Maize features in forage diet

10 January 1997

Maize features in forage diet

Maize is a valuable forage for dairy, beef and sheep production. Jessica Buss and Robert Davies report

MAIZE growing first began on one Bucks farm 13 years ago to enable it to dispose of slurry but since then other benefits of the crop have become more important.

Jim and Charles Kent now grow maize because they believe even cows fed a lot of concentrates benefit from a mixed forage diet.

"We can get 8000 litres a cow off an all-grass or all-maize silage diet but would not get the higher intakes the mixed forage diet gives," says Charles Kent.

His family runs 250 cows on 113ha (279 acres) of grade three and four land at North Dean, High Wycombe which also grows 32ha (79 acres) of wheat. Youngstock are reared on extra steep ground.

The stocking rate of 2.27 cows/ha (0.92 cows/acre) is tight for this land so the forage grown is insufficient for the herd, claims Mr Kent. Straw and brewers grains are bought each year to make up the shortfall, with 2.5kg of treated straw and 8kg of brewers grains in this years ration.

"The reasons for growing maize have changed over the years," he says. "When spreading slurry nearly every day maize ground was useful. But now with four months slurry storage more is spread on grass and maize has received more bag fertiliser."

Less slurry has also reduced compaction allowing maize to be grown continuously on the same field whereas previously a ryegrass break was needed every three years to improve soil structure.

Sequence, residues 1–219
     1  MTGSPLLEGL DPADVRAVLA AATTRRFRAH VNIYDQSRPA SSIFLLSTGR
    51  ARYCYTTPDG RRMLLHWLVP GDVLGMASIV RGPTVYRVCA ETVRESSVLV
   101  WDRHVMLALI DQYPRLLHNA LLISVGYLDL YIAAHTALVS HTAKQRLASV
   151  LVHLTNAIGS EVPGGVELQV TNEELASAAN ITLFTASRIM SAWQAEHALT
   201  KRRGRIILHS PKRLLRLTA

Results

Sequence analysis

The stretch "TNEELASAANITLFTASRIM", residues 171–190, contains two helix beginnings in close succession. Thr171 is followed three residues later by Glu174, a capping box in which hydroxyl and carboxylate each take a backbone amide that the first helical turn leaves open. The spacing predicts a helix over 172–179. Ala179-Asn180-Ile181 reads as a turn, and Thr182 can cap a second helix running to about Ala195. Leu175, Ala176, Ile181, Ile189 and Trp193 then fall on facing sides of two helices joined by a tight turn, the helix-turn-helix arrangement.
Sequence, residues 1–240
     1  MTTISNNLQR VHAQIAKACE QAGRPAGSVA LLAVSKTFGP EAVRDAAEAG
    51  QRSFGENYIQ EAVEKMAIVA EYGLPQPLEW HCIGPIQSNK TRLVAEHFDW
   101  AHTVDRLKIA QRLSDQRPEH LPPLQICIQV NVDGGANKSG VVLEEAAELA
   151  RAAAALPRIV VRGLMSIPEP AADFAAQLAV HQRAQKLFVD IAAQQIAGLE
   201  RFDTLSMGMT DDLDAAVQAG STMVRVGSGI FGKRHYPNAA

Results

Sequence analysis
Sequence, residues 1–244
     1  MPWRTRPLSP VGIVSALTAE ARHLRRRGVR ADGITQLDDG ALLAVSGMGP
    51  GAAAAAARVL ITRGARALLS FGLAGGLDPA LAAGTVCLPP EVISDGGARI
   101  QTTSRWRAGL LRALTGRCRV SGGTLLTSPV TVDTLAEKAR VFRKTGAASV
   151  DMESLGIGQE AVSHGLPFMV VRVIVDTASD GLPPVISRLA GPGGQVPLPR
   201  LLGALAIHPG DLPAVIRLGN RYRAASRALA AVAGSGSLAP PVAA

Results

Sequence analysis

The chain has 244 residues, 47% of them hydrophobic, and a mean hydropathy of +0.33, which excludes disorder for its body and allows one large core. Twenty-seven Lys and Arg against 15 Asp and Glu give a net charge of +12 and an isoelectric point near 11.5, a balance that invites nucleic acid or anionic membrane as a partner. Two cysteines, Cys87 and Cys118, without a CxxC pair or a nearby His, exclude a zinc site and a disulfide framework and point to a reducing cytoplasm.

This year maize was cheaper to grow than grass silage but, admits Mr Kent, in a poor year maize can be more expensive. Arable aid payments reduce the cost of maize growing but even when these payments are cut he intends to grow the forage.

The aim is to harvest maize at 30 to 35% dry matter at 30% starch, but it is still good value below this, says Mr Kent.

Last September some maize was harvested three weeks before the main crop to keep the ration stable. This analysed at 26% DM and 18% starch and is feeding well. Wetter silage may also be less prone to spoilage in the clamp, he adds. The later cut maize analysed at 33% DM and 40% starch.

Charles Kent believes high-yielding cows benefit from a mixed forage diet including maize, provided it is balanced with different protein sources .



&#8226 TMR not essential.

&#8226 Improves intakes.

&#8226 Increases milk quality.

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